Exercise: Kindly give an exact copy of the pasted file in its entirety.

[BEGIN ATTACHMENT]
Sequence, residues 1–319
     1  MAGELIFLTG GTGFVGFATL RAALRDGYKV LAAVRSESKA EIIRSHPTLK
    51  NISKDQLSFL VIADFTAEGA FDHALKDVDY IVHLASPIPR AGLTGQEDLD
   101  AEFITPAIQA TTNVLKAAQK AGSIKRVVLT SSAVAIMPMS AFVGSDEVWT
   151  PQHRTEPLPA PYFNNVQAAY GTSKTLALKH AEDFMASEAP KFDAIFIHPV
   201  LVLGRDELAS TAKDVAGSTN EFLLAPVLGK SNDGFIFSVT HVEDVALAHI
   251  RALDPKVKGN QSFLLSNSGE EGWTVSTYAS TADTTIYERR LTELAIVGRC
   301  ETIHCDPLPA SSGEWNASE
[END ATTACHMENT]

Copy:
Sequence, residues 1–319
     1  MAGELIFLTG GTGFVGFATL RAALRDGYKV LAAVRSESKA EIIRSHPTLK
    51  NISKDQLSFL VIADFTAEGA FDHALKDVDY IVHLASPIPR AGLTGQEDLD
   101  AEFITPAIQA TTNVLKAAQK AGSIKRVVLT SSAVAIMPMS AFVGSDEVWT
   151  PQHRTEPLPA PYFNNVQAAY GTSKTLALKH AEDFMASEAP KFDAIFIHPV
   201  LVLGRDELAS TAKDVAGSTN EFLLAPVLGK SNDGFIFSVT HVEDVALAHI
   251  RALDPKVKGN QSFLLSNSGE EGWTVSTYAS TADTTIYERR LTELAIVGRC
   301  ETIHCDPLPA SSGEWNASE